The SAGE Encyclopedia of Human Communication Sciences and Disorders

SAGE. Apr. 2019. 2,352p. ed. by ed. by Jack S. Damico & Martin J. Ball. ISBN 9781483380834. $755. REF
Exploring the study of communication sciences and disorders, this specialized encyclopedia from Damico (Univ. of Louisiana-Lafayette; Whole Language for Special Needs Children) and Ball (Bangor Univ., UK; Challenging Sonority) will nevertheless appeal to a variety of readers. Included are more than 600 alphabetically arranged, detailed yet succinct entries on everything from acoustics, aphasia, theory of mind, and the effects of sleep on language learning to Parkinson’s disease, stuttering, traumatic brain injury, and tinnitus. More than 400 academic contributors from six continents offer psychological, medical, educational, professional, and therapeutic perspectives. Article length varies greatly, ranging from two to about 16 pages. Some entries include illustrations, charts, graphs, or diagrams. Researchers will appreciate the bibliographies and see-also list that accompany most entries as well as an in-depth index, up-to-date resource list, and glossary. A useful chronology tracks the development of the communication field from 1550 BCE through 1998.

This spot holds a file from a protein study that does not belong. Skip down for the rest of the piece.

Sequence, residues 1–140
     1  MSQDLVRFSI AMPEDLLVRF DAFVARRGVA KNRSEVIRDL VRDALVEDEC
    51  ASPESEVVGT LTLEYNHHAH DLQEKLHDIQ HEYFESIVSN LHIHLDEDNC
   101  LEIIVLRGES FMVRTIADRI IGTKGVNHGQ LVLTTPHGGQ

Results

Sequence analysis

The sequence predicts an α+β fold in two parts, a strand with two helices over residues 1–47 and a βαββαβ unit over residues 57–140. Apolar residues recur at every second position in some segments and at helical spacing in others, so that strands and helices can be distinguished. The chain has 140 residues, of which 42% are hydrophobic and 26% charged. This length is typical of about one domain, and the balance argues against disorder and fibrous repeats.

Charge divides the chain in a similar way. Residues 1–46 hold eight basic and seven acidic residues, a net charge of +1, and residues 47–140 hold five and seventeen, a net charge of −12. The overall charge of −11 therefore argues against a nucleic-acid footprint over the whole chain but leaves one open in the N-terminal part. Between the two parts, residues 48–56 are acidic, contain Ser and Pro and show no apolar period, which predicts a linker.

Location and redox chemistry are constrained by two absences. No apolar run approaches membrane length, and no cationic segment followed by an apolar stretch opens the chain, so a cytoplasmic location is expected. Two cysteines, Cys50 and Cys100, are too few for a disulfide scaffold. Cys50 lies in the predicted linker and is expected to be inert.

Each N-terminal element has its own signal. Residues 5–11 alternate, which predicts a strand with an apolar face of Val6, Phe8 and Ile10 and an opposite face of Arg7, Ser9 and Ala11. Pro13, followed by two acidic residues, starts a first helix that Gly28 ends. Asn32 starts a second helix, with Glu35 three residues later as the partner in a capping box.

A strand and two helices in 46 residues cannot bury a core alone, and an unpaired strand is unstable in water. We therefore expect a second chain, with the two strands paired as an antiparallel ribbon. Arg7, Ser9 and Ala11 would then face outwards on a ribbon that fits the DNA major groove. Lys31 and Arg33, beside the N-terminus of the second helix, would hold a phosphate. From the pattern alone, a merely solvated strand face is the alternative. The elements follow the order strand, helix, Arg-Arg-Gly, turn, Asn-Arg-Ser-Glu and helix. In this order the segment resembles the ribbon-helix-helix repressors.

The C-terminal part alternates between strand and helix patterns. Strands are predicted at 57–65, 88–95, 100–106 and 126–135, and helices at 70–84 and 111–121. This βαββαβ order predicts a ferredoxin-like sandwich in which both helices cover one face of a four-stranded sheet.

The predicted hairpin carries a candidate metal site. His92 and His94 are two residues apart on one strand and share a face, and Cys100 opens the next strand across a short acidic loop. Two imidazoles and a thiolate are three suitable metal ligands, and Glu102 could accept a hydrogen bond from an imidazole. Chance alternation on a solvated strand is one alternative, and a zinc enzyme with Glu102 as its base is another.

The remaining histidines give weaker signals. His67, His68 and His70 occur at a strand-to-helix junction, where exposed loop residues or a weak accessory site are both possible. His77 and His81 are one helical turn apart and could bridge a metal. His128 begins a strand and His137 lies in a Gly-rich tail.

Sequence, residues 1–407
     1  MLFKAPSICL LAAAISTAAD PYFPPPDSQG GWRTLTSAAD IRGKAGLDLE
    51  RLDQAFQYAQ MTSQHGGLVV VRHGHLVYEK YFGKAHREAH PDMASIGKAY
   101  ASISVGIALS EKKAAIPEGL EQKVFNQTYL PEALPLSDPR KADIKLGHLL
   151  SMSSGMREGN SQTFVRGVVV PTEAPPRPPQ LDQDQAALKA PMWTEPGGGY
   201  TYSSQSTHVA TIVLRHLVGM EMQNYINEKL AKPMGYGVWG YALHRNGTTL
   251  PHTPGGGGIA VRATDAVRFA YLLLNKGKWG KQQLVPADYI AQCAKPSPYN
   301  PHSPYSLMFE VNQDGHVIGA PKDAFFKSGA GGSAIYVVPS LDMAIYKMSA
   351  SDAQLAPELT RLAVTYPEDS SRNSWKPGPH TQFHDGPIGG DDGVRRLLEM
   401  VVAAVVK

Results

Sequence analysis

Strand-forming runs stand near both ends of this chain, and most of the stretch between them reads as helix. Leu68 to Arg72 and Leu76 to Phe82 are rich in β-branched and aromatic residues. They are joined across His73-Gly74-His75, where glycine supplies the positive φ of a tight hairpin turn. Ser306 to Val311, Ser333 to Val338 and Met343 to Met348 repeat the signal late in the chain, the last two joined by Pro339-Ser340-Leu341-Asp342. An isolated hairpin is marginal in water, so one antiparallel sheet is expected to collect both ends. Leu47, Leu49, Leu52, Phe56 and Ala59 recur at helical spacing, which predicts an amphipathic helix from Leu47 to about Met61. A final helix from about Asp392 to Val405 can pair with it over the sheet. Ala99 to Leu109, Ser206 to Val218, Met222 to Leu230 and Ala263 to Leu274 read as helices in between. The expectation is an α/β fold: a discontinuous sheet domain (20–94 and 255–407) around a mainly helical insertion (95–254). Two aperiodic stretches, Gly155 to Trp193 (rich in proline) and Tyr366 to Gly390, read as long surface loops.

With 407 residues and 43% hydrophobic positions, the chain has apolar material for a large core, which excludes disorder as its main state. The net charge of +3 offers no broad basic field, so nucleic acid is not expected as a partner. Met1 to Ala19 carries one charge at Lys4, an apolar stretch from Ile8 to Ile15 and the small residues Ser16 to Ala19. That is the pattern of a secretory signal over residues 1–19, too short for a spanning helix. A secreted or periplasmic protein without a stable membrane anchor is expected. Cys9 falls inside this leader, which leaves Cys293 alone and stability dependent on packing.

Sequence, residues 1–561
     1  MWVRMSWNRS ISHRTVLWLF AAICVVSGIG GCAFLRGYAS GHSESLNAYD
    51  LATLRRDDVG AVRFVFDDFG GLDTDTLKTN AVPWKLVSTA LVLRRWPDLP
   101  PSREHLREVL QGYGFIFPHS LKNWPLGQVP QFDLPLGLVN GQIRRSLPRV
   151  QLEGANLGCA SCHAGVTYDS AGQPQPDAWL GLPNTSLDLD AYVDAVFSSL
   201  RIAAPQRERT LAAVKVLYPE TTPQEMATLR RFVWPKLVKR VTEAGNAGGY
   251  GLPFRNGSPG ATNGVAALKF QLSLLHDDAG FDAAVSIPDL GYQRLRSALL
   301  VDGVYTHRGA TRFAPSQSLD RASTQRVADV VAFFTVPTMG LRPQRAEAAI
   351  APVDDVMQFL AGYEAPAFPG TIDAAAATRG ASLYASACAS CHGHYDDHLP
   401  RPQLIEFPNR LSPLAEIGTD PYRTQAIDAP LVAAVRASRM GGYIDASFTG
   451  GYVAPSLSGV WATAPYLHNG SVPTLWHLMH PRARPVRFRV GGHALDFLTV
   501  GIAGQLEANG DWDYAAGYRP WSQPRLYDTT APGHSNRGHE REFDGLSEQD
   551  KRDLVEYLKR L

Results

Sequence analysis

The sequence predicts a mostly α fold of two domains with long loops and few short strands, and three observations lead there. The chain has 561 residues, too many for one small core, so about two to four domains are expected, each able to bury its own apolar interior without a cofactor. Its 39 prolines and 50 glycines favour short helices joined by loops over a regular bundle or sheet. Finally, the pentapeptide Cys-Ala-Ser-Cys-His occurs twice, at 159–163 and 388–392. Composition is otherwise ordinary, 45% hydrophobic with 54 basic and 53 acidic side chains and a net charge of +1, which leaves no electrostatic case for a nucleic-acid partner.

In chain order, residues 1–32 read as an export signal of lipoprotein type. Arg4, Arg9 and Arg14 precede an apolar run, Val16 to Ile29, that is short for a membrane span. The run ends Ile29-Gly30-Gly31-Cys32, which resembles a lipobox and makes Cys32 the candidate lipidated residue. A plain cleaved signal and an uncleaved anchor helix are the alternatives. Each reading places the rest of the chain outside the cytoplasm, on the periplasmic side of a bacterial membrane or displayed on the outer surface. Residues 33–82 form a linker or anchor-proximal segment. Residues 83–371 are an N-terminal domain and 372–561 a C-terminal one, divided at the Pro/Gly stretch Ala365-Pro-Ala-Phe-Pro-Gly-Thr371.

VERDICT Tying together a vast topic, this comprehensive set will be useful to students and professionals in the fields of audiology, clinical linguistics, or language pathology, as well as those in the fields of education. General readers curious to learn more about a disorder that affects them or someone they know may also be interested.
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